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v  Sulphur has an atomic number of 16 and electronic configuration of 2, 8, 6. It needs to gain two electrons in order to become stable but on the other hand oxygen even has an atomic number of 8 and an electronic configuration of 2, 6 so it even needs to accept 2 electrons in order to become stable thus oxygen and sulphur can share two electrons among each other and form covalent compound SO but most of the times they form the compound SO2, SO3, etc. How? What is their electron dot structure?

Asked by tultuldutta58 16th October 2017, 10:22 PM
Answered by Expert
Answer:
Both oxygen and sulphur have 4 electrons in their outermost valence p orbital.
The difference is that, in case of oxygen, it is 2p and in case of sulphur, it is 3p.
Second shell i.e. L shell has s and p orbitals only.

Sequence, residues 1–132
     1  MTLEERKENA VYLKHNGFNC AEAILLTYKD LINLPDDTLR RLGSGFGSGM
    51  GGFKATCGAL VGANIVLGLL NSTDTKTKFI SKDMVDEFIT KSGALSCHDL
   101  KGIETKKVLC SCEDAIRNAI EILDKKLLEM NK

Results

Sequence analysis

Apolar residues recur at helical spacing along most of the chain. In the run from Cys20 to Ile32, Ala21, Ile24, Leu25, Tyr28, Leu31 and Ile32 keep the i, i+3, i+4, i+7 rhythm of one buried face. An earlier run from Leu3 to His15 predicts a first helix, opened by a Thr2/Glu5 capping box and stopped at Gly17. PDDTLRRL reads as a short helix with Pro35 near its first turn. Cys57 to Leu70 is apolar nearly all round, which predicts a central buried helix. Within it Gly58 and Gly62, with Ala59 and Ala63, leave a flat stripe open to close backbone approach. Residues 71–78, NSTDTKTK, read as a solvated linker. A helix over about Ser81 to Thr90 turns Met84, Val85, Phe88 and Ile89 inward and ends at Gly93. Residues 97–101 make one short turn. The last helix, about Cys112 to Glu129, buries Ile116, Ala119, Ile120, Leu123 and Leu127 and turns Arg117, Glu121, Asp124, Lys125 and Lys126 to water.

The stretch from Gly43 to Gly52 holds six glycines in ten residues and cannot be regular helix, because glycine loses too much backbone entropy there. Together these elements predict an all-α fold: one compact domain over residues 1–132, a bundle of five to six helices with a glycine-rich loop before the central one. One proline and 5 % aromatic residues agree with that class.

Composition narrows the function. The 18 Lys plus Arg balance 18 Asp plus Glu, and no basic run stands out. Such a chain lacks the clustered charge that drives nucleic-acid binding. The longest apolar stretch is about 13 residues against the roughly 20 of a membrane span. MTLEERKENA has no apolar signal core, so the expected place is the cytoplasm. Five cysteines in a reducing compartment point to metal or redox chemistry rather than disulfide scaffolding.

But, third shell i.e. M shell has, s, p, and d orbitals.
Hence, there is scope for sulphur to show variable oxidation states if one or two electrons from 3p orbital get promoted to 3d orbitals as per the electronegativity of the other combining atom.
Sulfur (EN = 2.58) is much less electronegative than oxygen (EN = 3.44). Thus, oxygen is more electronegative.
Sulfur can expand its valence shell to hold more than eight electrons, but oxygencannot.
This is the reason why, sulphur form different compounds such as SO2, SO3 when combine with oxygen.
Answered by Expert 17th October 2017, 11:04 AM
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